I am so happy with the final product and I can’t wait to deliver it to the bride and groom tomorrow. It is going to make such a unique wedding gift for our friends. Thank you Patrick and Wine Pine!

To have a custom crate built for you, visit this page: http://www.winepine.com/store/custom-wine-boxes-and-cases/individuals/

Friday, August 22, 2014

Our First Large Order

The year was 2005, and it was early July. The weekend was coming close, and the pre-July 4th fireworks were just starting to ramp up at night. That wonderful smell of BBQ seemed to be everywhere in our suburban town of Westchester NY, and the mood was "Summer Breeze" by Seals and Croft.

Not all was good with my wife and I though, because we were struggling financially in jobs we weren't happy with for salaries we couldn't quite make work. Renting an apartment in an upscale town in Westchester is more than expensive, and we were paying quite a bit for a lifestyle of quiet pleasantries and security.

It was at this time that we created Winepine, and we were selling wine crates at a very slow pace, one at a time. This kind of unique wine cellar décor idea using original wine crates could either work or be flop, but I was determined to make Winepine successful. The problem was that I was putting in 8+ hours a day, plus another 4+ hours at home trying to increase sales for Winepine. My wife was beginning to question whether Winepine was a valid use of my time, and I was starting to get concerned myself. It was a stressful time to say the least, and the odds seemed stacked wildly out of my favor.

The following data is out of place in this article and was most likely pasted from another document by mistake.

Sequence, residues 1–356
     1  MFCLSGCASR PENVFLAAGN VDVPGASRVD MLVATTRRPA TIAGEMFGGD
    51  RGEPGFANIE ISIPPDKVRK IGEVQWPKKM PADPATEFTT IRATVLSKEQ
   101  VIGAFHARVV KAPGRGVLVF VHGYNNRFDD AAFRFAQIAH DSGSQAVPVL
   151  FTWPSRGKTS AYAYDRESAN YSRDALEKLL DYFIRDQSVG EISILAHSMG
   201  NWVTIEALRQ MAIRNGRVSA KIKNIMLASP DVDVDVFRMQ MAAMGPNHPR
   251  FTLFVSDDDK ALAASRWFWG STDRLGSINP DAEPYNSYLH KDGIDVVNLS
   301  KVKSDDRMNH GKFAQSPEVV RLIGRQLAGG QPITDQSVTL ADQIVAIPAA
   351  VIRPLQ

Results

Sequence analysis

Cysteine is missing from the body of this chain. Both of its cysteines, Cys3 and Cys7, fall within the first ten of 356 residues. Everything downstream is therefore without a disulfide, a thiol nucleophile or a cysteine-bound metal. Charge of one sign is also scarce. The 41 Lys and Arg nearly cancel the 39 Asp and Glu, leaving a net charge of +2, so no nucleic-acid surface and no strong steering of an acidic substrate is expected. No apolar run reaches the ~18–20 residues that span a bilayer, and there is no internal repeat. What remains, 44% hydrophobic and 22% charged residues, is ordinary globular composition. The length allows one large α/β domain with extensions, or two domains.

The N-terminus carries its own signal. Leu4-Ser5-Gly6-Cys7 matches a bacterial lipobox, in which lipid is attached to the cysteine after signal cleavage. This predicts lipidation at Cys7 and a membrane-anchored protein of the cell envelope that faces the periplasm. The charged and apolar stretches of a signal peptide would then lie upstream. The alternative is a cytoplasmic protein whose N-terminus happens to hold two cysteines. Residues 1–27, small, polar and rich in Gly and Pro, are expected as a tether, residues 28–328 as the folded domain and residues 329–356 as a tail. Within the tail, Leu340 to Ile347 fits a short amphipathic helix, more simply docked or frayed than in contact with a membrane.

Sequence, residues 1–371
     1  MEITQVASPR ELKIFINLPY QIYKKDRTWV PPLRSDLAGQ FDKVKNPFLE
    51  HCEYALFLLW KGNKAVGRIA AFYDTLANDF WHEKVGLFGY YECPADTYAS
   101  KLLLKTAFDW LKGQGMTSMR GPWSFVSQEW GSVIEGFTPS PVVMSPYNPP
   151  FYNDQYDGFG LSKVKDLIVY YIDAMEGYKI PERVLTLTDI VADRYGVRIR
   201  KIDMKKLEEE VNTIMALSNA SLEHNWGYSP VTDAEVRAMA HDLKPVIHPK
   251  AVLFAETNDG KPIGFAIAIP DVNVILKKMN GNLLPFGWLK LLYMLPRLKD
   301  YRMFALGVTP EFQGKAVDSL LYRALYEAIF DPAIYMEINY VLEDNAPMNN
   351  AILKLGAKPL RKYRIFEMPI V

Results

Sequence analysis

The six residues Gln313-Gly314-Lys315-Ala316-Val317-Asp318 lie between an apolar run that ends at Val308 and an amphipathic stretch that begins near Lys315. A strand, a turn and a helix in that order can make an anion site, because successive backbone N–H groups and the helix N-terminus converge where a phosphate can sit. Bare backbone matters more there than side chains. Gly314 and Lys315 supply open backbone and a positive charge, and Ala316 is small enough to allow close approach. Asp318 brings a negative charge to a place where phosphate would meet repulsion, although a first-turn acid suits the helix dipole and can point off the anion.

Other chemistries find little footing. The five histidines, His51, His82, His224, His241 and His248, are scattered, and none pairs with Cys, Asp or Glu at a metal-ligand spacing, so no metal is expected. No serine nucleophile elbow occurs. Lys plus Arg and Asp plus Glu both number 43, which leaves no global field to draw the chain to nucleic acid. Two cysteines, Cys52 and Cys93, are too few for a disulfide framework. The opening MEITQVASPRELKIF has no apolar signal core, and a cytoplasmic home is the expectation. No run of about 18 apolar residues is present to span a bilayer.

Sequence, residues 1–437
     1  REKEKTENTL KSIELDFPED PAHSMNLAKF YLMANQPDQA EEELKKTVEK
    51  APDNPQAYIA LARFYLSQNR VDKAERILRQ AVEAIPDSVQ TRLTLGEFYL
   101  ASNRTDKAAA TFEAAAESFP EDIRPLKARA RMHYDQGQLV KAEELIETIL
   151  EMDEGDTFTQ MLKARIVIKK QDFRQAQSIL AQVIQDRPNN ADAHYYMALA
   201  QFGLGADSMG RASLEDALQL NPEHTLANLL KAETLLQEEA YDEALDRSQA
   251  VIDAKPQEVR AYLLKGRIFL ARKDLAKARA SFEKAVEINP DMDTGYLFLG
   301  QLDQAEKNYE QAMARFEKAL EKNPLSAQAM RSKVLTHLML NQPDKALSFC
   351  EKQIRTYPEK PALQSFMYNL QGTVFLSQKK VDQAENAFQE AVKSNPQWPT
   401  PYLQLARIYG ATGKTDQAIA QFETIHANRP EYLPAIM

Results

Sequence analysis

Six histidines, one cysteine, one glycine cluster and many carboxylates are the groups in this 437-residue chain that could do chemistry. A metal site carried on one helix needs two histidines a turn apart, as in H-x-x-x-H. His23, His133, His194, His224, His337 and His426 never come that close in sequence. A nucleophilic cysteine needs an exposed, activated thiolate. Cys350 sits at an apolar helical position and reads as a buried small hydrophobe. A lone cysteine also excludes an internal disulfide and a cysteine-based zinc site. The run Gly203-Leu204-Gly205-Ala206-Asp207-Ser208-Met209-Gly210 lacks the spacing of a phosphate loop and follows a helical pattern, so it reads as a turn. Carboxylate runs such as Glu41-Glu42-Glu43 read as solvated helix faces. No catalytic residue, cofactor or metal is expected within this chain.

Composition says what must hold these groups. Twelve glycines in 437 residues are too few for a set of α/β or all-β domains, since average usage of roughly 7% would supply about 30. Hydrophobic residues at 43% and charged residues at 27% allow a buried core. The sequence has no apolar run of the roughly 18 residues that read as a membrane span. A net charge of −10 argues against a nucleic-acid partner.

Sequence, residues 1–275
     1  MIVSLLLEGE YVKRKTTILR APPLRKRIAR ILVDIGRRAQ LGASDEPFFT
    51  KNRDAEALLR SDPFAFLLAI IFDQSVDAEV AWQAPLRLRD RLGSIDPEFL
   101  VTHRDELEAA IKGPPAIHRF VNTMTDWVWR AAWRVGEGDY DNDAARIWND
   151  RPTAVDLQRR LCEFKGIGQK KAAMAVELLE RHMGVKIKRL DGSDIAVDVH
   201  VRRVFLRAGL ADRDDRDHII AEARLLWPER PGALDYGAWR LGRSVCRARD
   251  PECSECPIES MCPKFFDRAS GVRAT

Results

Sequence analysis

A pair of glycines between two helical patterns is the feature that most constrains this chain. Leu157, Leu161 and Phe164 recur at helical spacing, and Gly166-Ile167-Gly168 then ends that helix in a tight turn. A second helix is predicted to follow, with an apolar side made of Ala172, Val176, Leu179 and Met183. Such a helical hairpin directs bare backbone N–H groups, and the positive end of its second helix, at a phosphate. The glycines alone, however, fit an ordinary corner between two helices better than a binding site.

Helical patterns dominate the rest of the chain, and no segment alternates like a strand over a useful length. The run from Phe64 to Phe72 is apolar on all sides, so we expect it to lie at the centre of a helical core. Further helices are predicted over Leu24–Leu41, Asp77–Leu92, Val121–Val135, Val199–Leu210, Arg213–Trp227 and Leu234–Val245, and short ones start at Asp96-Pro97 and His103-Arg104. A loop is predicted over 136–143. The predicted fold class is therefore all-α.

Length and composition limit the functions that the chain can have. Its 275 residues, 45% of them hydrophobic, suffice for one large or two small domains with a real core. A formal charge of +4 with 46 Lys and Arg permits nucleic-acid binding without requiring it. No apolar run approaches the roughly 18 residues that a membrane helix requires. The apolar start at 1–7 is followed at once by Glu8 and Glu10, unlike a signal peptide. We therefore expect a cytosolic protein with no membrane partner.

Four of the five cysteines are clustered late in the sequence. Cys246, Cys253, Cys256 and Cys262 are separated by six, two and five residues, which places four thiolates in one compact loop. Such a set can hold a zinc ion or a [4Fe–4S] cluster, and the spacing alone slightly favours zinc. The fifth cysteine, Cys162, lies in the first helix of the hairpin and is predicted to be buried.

We lived in a fairly small apartment and didn't have the resources to purchase a storage area for the wine crates we brought in. That meant that all the wine crates had to be stored in our living space. At one point there were so many in our apartment that we actually had to make tunnels from the bathroom through our living room to the bedroom! Our landlord Jack was far from happy with this, and on several occasions I saw him looking up from the parking lot to our second floor apartment in both amazement and horror. There was easily 200 wine crates stored in our living room alone and it was getting out of hand.